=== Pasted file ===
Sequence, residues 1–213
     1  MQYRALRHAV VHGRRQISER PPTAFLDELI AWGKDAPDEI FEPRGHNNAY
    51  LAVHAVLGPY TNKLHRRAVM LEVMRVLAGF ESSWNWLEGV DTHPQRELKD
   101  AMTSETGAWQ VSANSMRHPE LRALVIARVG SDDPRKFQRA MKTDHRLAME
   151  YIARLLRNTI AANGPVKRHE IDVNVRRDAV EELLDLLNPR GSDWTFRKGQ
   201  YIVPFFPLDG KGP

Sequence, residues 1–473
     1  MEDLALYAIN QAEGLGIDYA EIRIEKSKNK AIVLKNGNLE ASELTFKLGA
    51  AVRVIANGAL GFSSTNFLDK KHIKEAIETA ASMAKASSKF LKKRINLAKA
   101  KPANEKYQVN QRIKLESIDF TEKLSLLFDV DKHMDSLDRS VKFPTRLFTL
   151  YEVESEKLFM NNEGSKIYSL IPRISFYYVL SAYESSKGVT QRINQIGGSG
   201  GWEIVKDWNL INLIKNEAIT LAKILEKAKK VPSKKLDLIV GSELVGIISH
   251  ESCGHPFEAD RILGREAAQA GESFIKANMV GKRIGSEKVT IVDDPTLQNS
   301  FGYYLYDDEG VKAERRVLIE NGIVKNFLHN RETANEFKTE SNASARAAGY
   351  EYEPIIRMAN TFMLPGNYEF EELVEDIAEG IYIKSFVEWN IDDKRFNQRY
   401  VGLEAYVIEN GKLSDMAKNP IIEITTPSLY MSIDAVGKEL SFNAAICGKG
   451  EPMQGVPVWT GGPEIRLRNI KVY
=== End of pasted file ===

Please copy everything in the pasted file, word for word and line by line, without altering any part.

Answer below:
Sequence, residues 1–213
     1  MQYRALRHAV VHGRRQISER PPTAFLDELI AWGKDAPDEI FEPRGHNNAY
    51  LAVHAVLGPY TNKLHRRAVM LEVMRVLAGF ESSWNWLEGV DTHPQRELKD
   101  AMTSETGAWQ VSANSMRHPE LRALVIARVG SDDPRKFQRA MKTDHRLAME
   151  YIARLLRNTI AANGPVKRHE IDVNVRRDAV EELLDLLNPR GSDWTFRKGQ
   201  YIVPFFPLDG KGP

Sequence, residues 1–473
     1  MEDLALYAIN QAEGLGIDYA EIRIEKSKNK AIVLKNGNLE ASELTFKLGA
    51  AVRVIANGAL GFSSTNFLDK KHIKEAIETA ASMAKASSKF LKKRINLAKA
   101  KPANEKYQVN QRIKLESIDF TEKLSLLFDV DKHMDSLDRS VKFPTRLFTL
   151  YEVESEKLFM NNEGSKIYSL IPRISFYYVL SAYESSKGVT QRINQIGGSG
   201  GWEIVKDWNL INLIKNEAIT LAKILEKAKK VPSKKLDLIV GSELVGIISH
   251  ESCGHPFEAD RILGREAAQA GESFIKANMV GKRIGSEKVT IVDDPTLQNS
   301  FGYYLYDDEG VKAERRVLIE NGIVKNFLHN RETANEFKTE SNASARAAGY
   351  EYEPIIRMAN TFMLPGNYEF EELVEDIAEG IYIKSFVEWN IDDKRFNQRY
   401  VGLEAYVIEN GKLSDMAKNP IIEITTPSLY MSIDAVGKEL SFNAAICGKG
   451  EPMQGVPVWT GGPEIRLRNI KVY